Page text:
One after the other, French actors Vincent Lindon, Lambert Wilson and Daniel Auteuil, paid to tribute one of French cinema’s living icons.
Directors Bertrand Tavernier, Arnaud Desplechin and US director Quentin Tarantino added their homage to a woman whose career has seen her star in around 150 films.
Tavernier, chair of the Festival's host Lumière Institute in Lyon, managed to avoid repeating Lindon's words of admiration, praise and affection. Lindon described her generosity, humour and love of plants, as well as listing part of her incredibly long filmography with the help of a train simile.
Tavernier turned to brief Japanese poetical style to communicate his appreciation of Deneuve with a Haiku which roughly translated read: “Strength of the wind in the willow or golden dust in twilight, the brightness of the cherry blossom, she lights up the room.”
Celebrating a French icon
Flanked by her daughter, actress Chiara Mastroianni, and Roman Polanski who’d directed her in his film, Repulsion, in 1965, Deneuve’s reaction was followed by the hundreds of spectators at the event in the conference centre in Lyon.
In the audience were some of France and world cinema’s favourites including Marisa Parades, one of Spanish director Pedro Almodovar’s recurrent leading ladies, as well as director Costa-Gavras.
A montage of extracts from some of Deneuve's films captured some great moments of cinema history from the surreal sobriety of Luis Bunuel’s 1967 Belle du Jour to the touching humour of her role as 60-year-old Bettie in the cigarette rolling scene from Emmanuel Bercot’s 2013 ‘On My Way’. Then came the crowning moment of the evening when Polanski placed the trophy in her hands.
He told her "When we made Repulsion I never imagined we'd come this far. Je t'aime, Catherine", they embraced, and then it was her turn to speak.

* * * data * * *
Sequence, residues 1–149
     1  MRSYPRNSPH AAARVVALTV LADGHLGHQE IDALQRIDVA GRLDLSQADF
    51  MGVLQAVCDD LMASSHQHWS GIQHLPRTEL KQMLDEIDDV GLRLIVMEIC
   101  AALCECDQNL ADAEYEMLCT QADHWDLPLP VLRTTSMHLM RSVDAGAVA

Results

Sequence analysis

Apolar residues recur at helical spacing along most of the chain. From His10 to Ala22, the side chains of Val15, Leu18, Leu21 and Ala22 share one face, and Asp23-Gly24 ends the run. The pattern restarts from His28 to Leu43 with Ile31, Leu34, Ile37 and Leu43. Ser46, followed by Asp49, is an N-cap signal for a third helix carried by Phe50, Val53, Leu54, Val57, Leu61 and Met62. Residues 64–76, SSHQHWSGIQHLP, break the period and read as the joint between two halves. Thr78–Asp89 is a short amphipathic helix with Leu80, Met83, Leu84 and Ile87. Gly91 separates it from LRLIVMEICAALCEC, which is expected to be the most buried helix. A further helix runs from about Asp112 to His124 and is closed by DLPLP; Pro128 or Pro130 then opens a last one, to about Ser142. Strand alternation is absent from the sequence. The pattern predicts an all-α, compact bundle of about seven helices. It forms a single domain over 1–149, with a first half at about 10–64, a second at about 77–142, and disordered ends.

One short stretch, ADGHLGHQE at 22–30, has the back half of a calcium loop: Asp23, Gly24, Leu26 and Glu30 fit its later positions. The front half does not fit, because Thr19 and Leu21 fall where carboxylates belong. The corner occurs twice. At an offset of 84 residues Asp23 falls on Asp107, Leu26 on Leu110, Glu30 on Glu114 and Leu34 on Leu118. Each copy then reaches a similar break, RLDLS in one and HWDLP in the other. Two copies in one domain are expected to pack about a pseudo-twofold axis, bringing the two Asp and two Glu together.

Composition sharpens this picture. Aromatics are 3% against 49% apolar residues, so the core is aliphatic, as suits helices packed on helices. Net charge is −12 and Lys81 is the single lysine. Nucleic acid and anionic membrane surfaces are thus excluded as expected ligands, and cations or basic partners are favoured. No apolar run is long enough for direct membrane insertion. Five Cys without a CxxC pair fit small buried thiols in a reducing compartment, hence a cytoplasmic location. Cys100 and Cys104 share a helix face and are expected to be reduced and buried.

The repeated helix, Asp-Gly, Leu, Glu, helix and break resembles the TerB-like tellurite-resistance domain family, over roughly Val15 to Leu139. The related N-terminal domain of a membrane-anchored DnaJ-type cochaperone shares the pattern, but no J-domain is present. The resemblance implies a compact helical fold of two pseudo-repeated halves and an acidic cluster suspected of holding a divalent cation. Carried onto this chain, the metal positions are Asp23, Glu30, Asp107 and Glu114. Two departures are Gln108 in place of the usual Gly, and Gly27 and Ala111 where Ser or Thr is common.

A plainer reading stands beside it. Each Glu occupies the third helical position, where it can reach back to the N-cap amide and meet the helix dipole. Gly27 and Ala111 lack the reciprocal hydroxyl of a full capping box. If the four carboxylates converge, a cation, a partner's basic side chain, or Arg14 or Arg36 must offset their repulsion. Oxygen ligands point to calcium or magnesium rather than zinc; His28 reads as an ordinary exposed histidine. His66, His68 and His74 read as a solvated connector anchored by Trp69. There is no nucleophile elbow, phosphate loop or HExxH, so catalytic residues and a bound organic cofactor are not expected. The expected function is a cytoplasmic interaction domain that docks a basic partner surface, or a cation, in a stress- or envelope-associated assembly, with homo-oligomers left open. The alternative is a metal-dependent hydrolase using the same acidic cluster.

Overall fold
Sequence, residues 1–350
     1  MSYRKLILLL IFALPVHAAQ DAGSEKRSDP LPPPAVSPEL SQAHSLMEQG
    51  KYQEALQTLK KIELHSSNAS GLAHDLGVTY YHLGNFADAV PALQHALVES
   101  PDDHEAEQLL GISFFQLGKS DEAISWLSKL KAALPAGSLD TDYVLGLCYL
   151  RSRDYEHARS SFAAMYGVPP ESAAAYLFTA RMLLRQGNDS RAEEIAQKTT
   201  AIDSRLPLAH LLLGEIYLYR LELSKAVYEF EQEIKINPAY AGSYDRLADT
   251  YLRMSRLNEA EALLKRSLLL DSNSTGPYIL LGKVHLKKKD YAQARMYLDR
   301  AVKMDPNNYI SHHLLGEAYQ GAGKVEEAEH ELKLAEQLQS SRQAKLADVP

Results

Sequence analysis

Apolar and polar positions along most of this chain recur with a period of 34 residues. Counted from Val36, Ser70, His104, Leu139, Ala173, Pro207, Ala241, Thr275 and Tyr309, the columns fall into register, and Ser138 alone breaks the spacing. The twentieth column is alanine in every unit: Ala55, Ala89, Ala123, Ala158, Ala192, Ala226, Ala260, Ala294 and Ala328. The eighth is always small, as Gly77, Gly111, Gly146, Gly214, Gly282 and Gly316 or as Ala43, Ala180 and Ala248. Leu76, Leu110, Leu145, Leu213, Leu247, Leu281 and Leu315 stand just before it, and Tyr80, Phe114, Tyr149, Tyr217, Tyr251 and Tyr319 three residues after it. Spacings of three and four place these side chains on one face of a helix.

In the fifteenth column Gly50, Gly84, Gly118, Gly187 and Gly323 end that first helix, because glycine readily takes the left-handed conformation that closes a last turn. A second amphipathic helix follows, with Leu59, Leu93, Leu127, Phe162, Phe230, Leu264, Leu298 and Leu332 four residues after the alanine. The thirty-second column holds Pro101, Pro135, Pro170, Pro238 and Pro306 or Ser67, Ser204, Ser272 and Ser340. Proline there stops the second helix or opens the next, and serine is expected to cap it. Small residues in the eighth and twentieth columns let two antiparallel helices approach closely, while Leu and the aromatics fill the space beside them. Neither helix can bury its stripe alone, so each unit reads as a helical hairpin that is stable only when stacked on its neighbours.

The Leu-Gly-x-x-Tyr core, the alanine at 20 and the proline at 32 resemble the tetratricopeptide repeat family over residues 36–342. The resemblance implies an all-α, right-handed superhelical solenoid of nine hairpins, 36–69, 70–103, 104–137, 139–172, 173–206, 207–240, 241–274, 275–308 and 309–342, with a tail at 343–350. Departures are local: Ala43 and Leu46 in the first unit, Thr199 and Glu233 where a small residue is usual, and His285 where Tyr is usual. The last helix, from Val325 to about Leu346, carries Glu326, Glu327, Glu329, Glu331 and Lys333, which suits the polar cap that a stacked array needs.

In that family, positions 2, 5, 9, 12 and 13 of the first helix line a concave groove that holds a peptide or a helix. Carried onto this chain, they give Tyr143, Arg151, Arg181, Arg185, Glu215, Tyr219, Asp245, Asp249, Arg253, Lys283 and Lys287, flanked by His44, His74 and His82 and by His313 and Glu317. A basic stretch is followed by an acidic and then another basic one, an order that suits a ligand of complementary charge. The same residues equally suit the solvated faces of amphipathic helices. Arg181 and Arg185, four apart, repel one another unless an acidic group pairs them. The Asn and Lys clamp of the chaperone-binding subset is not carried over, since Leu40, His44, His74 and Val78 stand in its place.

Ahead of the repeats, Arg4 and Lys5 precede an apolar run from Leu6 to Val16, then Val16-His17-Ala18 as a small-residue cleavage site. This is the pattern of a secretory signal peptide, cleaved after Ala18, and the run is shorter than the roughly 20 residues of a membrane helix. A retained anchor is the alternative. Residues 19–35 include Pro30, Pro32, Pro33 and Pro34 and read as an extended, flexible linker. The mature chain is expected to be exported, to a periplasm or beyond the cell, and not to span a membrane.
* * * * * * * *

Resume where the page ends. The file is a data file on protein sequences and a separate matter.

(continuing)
Her voice trembling slightly, she thanked the Lumière Festival for what she called an “exceptional moment”, adding that she was overwhelmed by the love and kind words she'd received for an award which she said could have been given to any number of actresses in an arbitrary way.
Deneuve helped select the 2016 festival’s wide range of movies, among which was Raymond Depardon’s 2001 documentary, ‘Profils paysans’ (Farmers’ Profiles).
Referring to the film, she ended her unprepared acceptance speech by dedicating her Lumière Award to ‘the farmers of France.’
Deneuve explained at a press conference on Saturday how personally concerned she is about the agricultural profession today, and the economic, physical and psychological pressures on farmers which push some to suicide.
The force of the ovation at the award ceremony would suggest the Lumière Prize 2016 was anything, but arbitrary.
Deneuve is a pillar of French cinema history and is faithful to the profession.
“I feel profoundly French,” she said during an event where she met with the public at the Céléstins Theatre.
She has played her part in close to 150 films to date, in recent years sometimes making more than three movies per year.
Working with directors young and old, she recognized that having been cast by a director like Jacques Démy in films like “The Umbrellas of Cherbourg” or the “Demoiselles of Rochefort” at a young age, had launched her own career. Today, she doesn't shy from acting in films directed by less experienced filmmakers.
For the eight-year-old festival itself, Deneuve made history by becoming the first woman to receive the life-time achievement award, following on from the likes of US director Martin Scorcese, last year’s winner.